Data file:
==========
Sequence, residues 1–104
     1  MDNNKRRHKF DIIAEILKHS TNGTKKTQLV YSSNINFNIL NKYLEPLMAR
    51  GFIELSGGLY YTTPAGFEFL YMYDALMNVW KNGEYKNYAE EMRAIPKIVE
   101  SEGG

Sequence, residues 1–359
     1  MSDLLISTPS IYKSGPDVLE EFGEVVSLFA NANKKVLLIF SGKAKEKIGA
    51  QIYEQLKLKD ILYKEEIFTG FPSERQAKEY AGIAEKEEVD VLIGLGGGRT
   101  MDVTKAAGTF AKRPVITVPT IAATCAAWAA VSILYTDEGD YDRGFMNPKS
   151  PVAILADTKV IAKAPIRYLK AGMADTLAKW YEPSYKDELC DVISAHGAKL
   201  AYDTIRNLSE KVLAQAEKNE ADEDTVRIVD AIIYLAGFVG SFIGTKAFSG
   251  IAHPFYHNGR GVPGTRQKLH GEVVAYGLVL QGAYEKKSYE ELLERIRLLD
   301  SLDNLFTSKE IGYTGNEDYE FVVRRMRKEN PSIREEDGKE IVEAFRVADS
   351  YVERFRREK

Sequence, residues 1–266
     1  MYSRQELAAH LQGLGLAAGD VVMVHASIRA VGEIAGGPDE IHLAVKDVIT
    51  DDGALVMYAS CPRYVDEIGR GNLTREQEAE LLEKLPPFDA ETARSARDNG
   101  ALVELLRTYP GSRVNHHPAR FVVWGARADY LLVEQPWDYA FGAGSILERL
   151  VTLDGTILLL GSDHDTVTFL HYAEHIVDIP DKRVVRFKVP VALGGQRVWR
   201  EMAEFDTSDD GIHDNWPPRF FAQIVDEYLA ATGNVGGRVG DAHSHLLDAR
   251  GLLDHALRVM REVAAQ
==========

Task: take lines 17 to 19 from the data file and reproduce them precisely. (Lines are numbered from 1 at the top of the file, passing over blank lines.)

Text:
   101  ALVELLRTYP GSRVNHHPAR FVVWGARADY LLVEQPWDYA FGAGSILERL
   151  VTLDGTILLL GSDHDTVTFL HYAEHIVDIP DKRVVRFKVP VALGGQRVWR
   201  EMAEFDTSDD GIHDNWPPRF FAQIVDEYLA ATGNVGGRVG DAHSHLLDAR